Central to Iran’s developing goal of regional hegemony in the Middle East was a desire to transform itself from a terrorist state to a conventional military power. One could not accomplish such a thing by executing airline passengers. Iran’s interest was now rooted in air and naval tactics, armor and advanced weaponry, and the political posture to be noticed. For Iran to be taken serious it had to act serious, and that was not done by basing its policy in the Arab world on a terrorist, noble as his cause may have been. With his specialty service no longer required by his employers, al-Din’s role, too, shifted from hijacker and kidnapper to liaison, military commander and strategist.

He was given the chance to spill Israeli blood numerous times throughout the nineties as the Israel Defense Force (IDF) continued its costly occupation of Lebanon’s southern Shiite heartland. Hezbollah militants would continuously ambush Israeli patrols or bombard a fortified outpost with anti-tank missiles and swarming raids. In the summer of 2006, it was al-Din who made the Zionists’ advance to the Litani River a tactical hell. Still, his job was that of a glorified logistics officer, overseeing the transfer of Iranian weapons by sea and land through Syria. The rest of Hezbollah’s commanding Shura Council was concerned with being seen as the modern reincarnation of Saladin, and the Iranians were more concerned with conquering the atom than Jerusalem.

For his efforts, al-Din was placed on the kill and capture lists of every major Western intelligence agency. An Interpol red notice hung over his head since the mid-nineties, making travel beyond the safe harbor of Hezbollah’s strongholds a risky endeavor. To survive, he vanished back into the cinder block jungle from where he once emerged. In time — and with new, more pressing threats coming to the fore — the memory of his many enemies began to fade. There were several theories in circulation on what became of him. The Saudis, the French and the Germans held to a flimsy rumor that he died of a brain tumor some years ago under an assumed name in Damascus. The Americans and the British quickly became too obsessed with al-Qaeda to even pretend to care; so long as al-Din kept off the radar, he was as good as dead. Only the Israelis, led by Mossad’s merciless and vindictive director-general — who tried no fewer than four times to assassinate him — dared to keep the chase alive. But as with any ghost, finding it meant first being haunted.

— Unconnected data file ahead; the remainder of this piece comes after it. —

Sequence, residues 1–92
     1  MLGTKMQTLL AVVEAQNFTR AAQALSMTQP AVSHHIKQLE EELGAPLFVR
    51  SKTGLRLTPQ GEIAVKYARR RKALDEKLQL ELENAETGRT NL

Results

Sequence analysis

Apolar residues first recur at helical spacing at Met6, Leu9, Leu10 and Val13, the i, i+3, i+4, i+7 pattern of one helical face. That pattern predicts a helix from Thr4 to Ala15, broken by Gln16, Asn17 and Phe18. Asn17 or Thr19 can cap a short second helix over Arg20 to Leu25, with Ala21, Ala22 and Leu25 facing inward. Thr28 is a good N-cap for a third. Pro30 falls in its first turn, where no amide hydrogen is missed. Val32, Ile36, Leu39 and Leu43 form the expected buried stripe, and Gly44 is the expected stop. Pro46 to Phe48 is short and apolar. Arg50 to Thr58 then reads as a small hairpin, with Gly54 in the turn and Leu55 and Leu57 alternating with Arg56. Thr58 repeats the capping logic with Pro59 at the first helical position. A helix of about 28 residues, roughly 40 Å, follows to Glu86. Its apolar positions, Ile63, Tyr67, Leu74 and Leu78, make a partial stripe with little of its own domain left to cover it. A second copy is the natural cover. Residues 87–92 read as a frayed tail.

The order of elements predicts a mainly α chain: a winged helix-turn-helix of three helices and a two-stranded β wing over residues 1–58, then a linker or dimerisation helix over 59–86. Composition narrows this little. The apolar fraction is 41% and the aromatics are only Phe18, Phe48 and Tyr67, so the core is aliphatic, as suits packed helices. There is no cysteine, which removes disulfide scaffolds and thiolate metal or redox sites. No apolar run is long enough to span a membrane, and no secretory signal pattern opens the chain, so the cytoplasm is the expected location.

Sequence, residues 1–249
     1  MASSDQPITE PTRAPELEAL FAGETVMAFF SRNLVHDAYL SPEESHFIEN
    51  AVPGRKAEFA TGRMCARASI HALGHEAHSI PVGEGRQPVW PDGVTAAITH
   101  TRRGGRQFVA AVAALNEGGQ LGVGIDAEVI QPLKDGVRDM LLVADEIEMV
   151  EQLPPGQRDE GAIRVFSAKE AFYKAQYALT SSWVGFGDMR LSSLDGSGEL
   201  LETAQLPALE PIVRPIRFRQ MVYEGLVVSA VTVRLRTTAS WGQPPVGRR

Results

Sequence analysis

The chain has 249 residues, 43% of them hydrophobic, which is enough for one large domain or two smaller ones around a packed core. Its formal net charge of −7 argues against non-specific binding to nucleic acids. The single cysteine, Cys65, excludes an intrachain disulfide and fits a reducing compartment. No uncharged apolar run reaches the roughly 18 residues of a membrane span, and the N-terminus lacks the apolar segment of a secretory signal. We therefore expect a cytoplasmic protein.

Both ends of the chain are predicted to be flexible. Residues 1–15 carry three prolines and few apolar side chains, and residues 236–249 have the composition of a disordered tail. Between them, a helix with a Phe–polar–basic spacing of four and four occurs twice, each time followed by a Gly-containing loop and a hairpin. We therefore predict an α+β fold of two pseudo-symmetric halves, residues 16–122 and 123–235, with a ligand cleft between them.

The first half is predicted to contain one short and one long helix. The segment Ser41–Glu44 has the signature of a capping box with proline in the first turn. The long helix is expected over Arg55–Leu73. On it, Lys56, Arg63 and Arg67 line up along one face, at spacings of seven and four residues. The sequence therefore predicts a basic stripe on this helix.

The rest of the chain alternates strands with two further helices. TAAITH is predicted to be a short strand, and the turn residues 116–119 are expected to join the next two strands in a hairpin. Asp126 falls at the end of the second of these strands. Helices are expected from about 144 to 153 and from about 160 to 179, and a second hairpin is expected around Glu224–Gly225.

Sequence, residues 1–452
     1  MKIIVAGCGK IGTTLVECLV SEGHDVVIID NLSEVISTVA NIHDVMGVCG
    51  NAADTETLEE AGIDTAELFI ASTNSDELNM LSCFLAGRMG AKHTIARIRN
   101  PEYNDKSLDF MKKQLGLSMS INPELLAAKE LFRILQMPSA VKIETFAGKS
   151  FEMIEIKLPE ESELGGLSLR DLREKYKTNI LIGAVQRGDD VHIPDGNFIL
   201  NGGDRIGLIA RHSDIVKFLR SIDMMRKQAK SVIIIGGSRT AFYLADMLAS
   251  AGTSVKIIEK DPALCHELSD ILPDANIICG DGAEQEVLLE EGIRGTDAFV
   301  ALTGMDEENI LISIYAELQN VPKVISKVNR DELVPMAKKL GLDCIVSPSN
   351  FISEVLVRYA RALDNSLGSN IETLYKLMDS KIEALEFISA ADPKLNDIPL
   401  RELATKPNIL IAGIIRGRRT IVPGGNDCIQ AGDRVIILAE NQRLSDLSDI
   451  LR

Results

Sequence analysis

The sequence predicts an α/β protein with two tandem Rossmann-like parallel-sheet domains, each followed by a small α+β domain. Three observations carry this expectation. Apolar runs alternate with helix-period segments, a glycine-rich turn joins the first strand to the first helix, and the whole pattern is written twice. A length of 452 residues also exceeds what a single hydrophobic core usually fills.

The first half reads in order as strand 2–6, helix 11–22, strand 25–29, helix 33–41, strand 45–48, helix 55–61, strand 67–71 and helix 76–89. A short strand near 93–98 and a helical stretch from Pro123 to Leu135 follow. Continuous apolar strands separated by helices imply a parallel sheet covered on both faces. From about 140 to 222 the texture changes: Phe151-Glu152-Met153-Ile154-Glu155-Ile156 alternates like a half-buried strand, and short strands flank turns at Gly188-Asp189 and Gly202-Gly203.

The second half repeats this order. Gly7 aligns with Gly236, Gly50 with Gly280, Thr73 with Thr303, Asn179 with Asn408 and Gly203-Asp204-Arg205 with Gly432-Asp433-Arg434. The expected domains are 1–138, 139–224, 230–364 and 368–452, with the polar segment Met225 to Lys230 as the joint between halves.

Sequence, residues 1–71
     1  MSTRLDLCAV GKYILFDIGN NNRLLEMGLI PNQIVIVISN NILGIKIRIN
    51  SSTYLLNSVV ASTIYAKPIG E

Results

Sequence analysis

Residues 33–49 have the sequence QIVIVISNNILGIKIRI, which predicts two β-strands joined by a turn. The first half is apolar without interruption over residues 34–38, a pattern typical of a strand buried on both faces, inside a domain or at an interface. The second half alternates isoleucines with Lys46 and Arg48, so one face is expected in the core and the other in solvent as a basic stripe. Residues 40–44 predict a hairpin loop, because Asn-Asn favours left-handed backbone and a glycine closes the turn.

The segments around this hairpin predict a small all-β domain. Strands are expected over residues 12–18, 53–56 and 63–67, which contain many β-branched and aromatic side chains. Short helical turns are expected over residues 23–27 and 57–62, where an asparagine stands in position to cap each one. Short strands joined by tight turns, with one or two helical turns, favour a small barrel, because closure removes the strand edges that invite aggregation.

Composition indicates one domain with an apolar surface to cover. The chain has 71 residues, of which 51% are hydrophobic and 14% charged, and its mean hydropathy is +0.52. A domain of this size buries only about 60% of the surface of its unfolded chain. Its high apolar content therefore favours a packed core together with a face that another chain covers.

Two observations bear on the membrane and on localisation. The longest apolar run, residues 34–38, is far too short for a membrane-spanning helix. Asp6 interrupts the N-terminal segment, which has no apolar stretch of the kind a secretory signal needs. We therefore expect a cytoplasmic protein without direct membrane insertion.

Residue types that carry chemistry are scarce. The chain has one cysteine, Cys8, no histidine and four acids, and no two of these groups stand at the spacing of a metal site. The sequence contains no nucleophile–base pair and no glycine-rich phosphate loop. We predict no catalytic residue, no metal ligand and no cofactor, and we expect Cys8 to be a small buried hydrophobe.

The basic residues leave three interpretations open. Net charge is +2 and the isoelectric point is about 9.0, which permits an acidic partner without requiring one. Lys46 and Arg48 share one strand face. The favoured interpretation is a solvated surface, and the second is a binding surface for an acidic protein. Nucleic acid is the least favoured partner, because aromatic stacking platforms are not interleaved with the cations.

From the moment the initial Israeli shell fell on Lebanon, Ibrahim al-Din was a man committed to finishing his mission, and so long as there was an Israeli state, his was a struggle without end. He would never lose sight of the vision he set out to realize over thirty years earlier. But he needed the means, he needed inspiration, he needed an opportunity — and in due time he would get them all.

“Timely, gripping, and unbelievably authentic…” Active Measures: Part I is available for purchase on Amazon.

Published by H-Hour Productions, LLC. Copyright © 2016 Matthew Fulton. All rights reserved.